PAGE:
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Saturday, August 6, 2011

Wallabies blacked out at hoodoo ground

AUCKLAND — An intensive defensive effort by the All Blacks created a 30-14 win over Australia in their Tri-Nations clash Saturday, giving their self-belief a boost in the countdown to the World Cup.
It was a far from perfect performance by the All Blacks who allowed the Wallabies an advantage with possession.
But while Australian attacks were swiftly shut down for most of the match the All Blacks, with Richie McCaw, Piri Weepu and Dan Carter to the fore, were able to find holes around the Australian ruck and out wide.
The three tries to two victory in the clash of the world's top two sides ensured the All Blacks retained the Bledisloe Cup, the symbol of trans-Tasman superiority, which they have held since 2003.
It also left them on track for an 11th Tri-Nations title in the 16-year history of the competition and gave an insight into the game they are working on for the World Cup which starts here next month.
"I thought the defence was outstanding," said All Blacks coach Graham Henry while playing down any psychological edge it could give them going into the World Cup.
"I think there's far too many occasions in the past where (a Tri-Nations win) hasn't amounted to a result in the Rugby World Cup so if we get complacent about this victory it will be curtains I'd say"
The Wallabies did finish the stronger of the two sides as the pace of the game told on several All Blacks having their first run since the Super 15 series, but Wallabies coach Robbie Deans said the damage had been done by then.
"Tactically we didn't help ourselves. We allowed the All Blacks to establish the D (defence) line and really create some linespeed in their defence and stymie our attack. We left a lot of points out there as well. We lacked a bit of patience in the way and where we attacked."
Weepu, getting a start at number nine after coming off the bench in recent Tests, stamped his mark with a series of breaks close to the maul and the All Blacks backs feasted off a supply of front-foot ball.

Other Wallabies youngsters in their first Auckland Tests were also rattled as New Zealand's biggest crowd of the modern era of 55,000 roared at every slip-up in the 22nd straight home win at their bastion.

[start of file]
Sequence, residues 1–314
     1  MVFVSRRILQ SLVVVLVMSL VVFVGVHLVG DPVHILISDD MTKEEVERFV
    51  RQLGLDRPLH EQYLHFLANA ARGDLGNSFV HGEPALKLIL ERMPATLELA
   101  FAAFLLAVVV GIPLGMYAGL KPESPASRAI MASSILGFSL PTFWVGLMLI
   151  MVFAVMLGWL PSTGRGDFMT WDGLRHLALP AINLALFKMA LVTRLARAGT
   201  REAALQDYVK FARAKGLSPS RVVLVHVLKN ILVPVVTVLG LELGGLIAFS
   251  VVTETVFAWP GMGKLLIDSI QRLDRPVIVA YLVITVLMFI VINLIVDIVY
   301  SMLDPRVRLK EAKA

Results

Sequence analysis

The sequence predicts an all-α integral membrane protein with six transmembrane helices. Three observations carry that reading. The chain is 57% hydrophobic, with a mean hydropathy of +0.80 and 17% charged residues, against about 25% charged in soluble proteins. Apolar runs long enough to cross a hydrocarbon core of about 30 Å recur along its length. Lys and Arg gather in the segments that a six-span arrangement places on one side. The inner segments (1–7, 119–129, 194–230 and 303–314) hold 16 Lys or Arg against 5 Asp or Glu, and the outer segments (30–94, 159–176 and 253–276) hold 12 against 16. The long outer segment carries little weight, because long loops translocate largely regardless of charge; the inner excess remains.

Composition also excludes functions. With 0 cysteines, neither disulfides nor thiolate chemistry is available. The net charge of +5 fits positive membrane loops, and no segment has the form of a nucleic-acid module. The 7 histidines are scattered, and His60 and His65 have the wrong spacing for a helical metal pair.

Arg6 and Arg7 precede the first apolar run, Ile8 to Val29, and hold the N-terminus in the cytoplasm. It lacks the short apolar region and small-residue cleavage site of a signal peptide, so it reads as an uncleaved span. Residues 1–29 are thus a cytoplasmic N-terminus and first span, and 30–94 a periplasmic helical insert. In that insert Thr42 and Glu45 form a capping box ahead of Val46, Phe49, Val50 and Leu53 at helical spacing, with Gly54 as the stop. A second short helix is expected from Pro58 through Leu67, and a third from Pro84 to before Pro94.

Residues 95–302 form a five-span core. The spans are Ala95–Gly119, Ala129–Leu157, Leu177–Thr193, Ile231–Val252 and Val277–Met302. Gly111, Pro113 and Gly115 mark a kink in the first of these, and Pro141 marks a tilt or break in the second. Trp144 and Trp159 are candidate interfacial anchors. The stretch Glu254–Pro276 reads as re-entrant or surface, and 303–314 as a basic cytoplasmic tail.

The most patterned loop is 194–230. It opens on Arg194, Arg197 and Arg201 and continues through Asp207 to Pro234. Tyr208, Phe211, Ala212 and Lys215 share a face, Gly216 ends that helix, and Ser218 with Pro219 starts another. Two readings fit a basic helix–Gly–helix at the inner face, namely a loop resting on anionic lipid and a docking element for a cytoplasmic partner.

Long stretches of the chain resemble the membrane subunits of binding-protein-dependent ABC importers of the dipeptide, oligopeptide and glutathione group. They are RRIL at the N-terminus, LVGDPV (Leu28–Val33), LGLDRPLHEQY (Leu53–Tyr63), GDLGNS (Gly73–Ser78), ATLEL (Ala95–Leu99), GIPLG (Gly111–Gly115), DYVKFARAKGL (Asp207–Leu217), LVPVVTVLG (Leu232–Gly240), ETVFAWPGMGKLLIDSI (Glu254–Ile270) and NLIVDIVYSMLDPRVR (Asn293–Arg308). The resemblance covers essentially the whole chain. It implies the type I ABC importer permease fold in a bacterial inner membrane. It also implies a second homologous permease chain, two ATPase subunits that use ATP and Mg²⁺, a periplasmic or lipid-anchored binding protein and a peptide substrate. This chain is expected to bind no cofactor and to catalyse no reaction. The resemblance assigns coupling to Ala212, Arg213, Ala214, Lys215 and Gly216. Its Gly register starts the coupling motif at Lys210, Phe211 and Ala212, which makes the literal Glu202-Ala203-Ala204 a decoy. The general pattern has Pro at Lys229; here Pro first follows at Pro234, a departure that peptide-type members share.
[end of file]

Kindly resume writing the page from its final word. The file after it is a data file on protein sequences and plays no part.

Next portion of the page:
The All Blacks burst out of the blocks to lead 10-0 after nine minutes and, when it was 17-0 after half an hour, the game was as good as gone.
Australia had their chances, and more possession in the attacking half but, as hard as they probed, just couldn't convert.
The All Blacks' defence under pressure was superb, a cornerstone for the victory, holding out the Wallabies for 14 consecutive phases in their 22 early on to set the tone.
In contrast, the Wallabies couldn't hold out the ruthless Kiwis when they had a sniff near the line.
Centre Ma'a Nonu shrugged off Adam Ashley-Cooper and Rocky Elsom to dive over in the eighth minute to finish a raid sparked by Piri Weepu while, similarly, Keven Mealamu burrowed over shortly after another Weepu blind-side raid.
Australia's attack wasn't predictable or slow but New Zealand's patient, smart and disciplined defence twice forced five-eighth Cooper into low percentage cross-field kicks which never paid off.
Direct rival Dan Carter delivered a five-star performance to underline his standing as the world's best playmaker, starring in attack, defence and slotting six from six with the boot.
Ironically, Australia's pre-match problem area, the scrum, held firm but they paid dearly for the All Blacks' superiority at the restarts.
When Digby Ioane, Australia's best by far, revived some hope with a brilliant counter-attacking try in the 51st minute, it was an immediate hit-back off the kick-off which snuffed out any thought of a comeback.

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